Examples of dyes that can be adhered to or bound to an adhesive molecule provided herein include, without limitation, henna, guanine, prophyllite, ultramarine, and mica. In general, an adhesive molecule provided herein can adhere to or bind to hair, skin, and/or nails via one or more DOPA moieties and can adhere to or bind to a dye via, for example, one or more DOPA moieties. In some cases, an adhesive molecule provided herein can adhere to or bind to a dye via one or more thiol, hydroxide or maleimide groups.

Table 2 provides examples of agents that can be used to provide color to hair, skin, and/or nails.

TABLE 2
Examples of Agents Used to Provide Color
SubstrateColorAgent
AnyorangeAnnatto extract
AnypurpleDehydrated beets (beet powder)
AnyyellowCanthaxanthin(3)
AnybrownCaramel
Anyorangeβ-Apo-8′-carotenal
Anyorangeβ-Carotene
AnyredCochineal extract
AnyredCarmine
AnygreenSodium copper chlorophyllin(3)
AnybrownToasted partially defatted cooked
cottonseed flour
AnybrownFerrous gluconate
AnybrownFerrous lactate
AnypurpleGrape color extract(3)
AnypurpleGrape skin extract (enocianina)
AnySynthetic iron oxide(3)
AnyFruit juice(3)
AnyVegetable juice(3)
AnyorangeCarrot oil
AnyredPaprika
AnyredPaprika oleoresin
AnyMica-based pearlescent pigments(3)
AnyRiboflavin
AnyorangeSaffron
AnywhiteTitanium dioxide
AnyredTomato lycopene extract; tomato lycopene
concentrate(3)
AnyyellowTurmeric
AnyyellowTurmeric oleoresin
AnyblueFD&C Blue No. 1
AnyblueFD&C Blue No. 2
AnygreenFD&C Green No. 3
AnyorangeOrange B(3)
AnyredCitrus Red No. 2
AnyredFD&C Red No. 3
AnyredFD&C Red No. 40(3)
AnyyellowFD&C Yellow No. 5
AnyyellowFD&C Yellow No. 6
AnyaluminumAlumina (dried aluminum hydroxide)
AnywhiteCalcium carbonate
AnyPotassium sodium copper chlorophyllin
(chlorophyllin-copper complex)
AnyDihydroxyacetone
AnyBismuth oxychloride
AnySynthetic iron oxide
AnyFerric ammonium ferrocyanide
AnyFerric ferrocyanide
AnygreenChromium hydroxide green
AnygreenChromium oxide greens
AnyGuanine
Anypearlescent Mica-based pearlescent pigments (3)
AnyPyrophyllite
AnyMica
AnyTalc
AnyaluminumAluminum powder
AnybronzeBronze powder
AnycopperCopper powder
AnyzincZinc oxide
AnyblueD&C Blue No. 4
AnygreenD&C Green No. 5
AnygreenD&C Green No. 6
AnygreenD&C Green No. 8
AnyorangeD&C Orange No. 4
AnyorangeD&C Orange No. 5
AnyorangeD&C Orange No. 10
AnyorangeD&C Orange No. 11
AnyredFD&C Red No. 4
AnyredD&C Red No. 6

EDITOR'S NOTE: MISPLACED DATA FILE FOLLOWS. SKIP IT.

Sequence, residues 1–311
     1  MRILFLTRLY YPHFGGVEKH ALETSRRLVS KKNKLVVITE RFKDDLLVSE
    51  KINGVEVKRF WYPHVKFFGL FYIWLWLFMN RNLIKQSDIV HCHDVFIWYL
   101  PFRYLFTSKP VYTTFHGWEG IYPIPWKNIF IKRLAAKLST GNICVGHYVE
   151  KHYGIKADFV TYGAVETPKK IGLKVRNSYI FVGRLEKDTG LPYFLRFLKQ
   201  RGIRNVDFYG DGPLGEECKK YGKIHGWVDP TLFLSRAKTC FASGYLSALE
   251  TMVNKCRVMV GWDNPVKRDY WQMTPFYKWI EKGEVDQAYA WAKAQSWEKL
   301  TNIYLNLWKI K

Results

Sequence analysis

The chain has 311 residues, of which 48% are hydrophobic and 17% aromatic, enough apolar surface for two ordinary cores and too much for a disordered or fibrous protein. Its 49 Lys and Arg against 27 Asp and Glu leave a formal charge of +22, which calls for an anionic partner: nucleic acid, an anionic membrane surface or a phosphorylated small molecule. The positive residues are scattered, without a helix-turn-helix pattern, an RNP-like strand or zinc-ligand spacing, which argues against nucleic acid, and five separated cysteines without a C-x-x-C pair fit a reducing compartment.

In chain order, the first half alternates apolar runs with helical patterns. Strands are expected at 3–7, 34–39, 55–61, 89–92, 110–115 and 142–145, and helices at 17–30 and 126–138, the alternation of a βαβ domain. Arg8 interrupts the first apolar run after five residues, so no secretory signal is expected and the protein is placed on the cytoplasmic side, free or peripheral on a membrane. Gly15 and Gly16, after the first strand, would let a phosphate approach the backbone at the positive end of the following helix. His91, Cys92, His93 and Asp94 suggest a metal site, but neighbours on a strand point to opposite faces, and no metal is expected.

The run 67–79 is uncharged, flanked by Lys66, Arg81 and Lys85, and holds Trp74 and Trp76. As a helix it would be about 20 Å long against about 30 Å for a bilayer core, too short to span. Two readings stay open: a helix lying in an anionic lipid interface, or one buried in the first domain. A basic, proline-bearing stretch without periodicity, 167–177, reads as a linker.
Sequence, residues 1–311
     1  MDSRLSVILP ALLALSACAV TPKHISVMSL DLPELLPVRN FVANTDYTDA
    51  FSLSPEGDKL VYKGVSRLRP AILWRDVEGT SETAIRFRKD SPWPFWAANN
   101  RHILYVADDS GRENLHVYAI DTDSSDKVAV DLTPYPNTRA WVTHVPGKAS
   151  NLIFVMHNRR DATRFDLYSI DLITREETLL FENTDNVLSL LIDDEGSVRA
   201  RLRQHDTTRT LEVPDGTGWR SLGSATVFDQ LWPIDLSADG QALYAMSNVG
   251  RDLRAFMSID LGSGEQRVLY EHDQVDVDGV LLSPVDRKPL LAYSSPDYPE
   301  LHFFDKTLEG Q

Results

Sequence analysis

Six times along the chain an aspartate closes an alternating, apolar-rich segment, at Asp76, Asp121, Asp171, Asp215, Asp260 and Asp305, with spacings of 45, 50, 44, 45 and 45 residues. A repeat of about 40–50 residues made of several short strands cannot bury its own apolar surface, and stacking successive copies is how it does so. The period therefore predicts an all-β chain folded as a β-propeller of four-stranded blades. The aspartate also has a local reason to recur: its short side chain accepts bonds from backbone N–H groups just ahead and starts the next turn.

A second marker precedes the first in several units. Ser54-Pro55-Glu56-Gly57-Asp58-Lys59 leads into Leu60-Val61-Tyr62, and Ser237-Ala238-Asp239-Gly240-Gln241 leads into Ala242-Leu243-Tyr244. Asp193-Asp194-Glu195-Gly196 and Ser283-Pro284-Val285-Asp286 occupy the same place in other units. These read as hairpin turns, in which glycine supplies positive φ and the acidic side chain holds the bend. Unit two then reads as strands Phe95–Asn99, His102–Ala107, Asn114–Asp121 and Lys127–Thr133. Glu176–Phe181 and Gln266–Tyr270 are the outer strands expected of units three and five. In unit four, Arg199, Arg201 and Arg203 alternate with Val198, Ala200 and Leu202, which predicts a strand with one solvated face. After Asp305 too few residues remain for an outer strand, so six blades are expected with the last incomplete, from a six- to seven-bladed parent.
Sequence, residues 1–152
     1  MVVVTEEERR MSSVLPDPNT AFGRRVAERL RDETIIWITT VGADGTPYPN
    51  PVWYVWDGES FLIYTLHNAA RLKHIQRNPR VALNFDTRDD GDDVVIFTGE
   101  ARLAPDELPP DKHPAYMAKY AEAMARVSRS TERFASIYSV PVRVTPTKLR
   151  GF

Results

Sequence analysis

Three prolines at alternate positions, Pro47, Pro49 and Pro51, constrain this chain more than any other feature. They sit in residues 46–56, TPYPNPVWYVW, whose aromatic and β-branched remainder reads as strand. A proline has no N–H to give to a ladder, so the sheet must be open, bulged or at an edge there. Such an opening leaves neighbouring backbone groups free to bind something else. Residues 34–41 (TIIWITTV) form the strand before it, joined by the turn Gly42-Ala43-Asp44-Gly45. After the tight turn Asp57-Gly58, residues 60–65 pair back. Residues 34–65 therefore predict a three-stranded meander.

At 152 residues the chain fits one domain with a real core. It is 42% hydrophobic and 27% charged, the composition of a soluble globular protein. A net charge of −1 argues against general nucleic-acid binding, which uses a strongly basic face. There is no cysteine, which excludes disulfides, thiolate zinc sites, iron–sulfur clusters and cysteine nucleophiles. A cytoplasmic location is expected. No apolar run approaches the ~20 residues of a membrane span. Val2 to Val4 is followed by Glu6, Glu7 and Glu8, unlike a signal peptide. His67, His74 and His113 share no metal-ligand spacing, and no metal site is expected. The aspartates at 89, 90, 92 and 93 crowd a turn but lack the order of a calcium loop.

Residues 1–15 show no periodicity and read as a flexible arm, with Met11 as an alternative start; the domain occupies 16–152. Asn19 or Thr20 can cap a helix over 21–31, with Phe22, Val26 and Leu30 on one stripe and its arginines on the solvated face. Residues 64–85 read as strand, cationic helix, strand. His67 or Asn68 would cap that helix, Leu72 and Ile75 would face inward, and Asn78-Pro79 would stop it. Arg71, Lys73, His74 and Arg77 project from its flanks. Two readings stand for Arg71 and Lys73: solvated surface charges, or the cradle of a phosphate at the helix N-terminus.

AnyredD&C Red No. 7
AnyredD&C Red No. 17
AnyredD&C Red No. 21
AnyredD&C Red No. 22
AnyredD&C Red No. 27
AnyredD&C Red No. 28
AnyredD&C Red No. 30
AnyredD&C Red No. 31
AnyredD&C Red No. 33
AnyredD&C Red No. 34
AnyredD&C Red No. 36
AnyredD&C Red No. 39
AnyvioletD&C Violet No. 2
AnyyellowD&C Yellow No. 7
AnyyellowExt. D&C Yellow No. 7
AnyYellowD&C Yellow No. 8
AnyYellowD&C Yellow No. 10
AnyYellowD&C Yellow No. 11
AnyOrangeAnnatto
anyOrangeβ-Carotene
HairbismuthBismuth citrate(3)
HairgreenDisodium EDTA-copper
AnygreenPotassium sodium copper chlorophyllin
(chlorophyllin copper-complex)
AnyzuleneGuaiazulene
HairbrownHenna(3)
AnyredIron oxides
HairleadLead acetate(3)
NailsmetallicSilver (3)
AnyBlueUltramarines
AnyvioletManganese violet
Anyyellow-Luminescent zinc sulfide (3)
green
Nails andBlackD&C Black No. 2
skin
Nails andBlackD&C Black No. 3 (3)
skin
AnyBrownD&C Brown No. 1
AnyVioletExt. D&C Violet No. 2

Examples of polypeptides that can be adhered to or bound to an adhesive molecule provided herein include, without limitation, keratin polypeptides, fluorescence emitting polypeptides, collagen polypeptides, and albumin polypeptides. In general, an adhesive molecule provided herein can adhere to or bind to hair, skin, and/or nails via one or more DOPA moieties and can adhere to or bind to a polypeptide via, for example, one or more DOPA moieties. In some cases, an adhesive molecule provided herein can adhere to or bind to a polypeptide via one or more thiol or maleimide groups. Any appropriate keratin polypeptide can be used as described herein.

Examples of keratin polypeptides that can be used as described herein include, without limitation, epidermal keratin (GenBank® Accession No. J00124; GI No. 186704), epithelial cell keratin (GenBank® Accession No. X13320.1; GI No. 1200071), and hair-specific keratin (GenBank® Accession No. AJ000263; GI No. 2695878).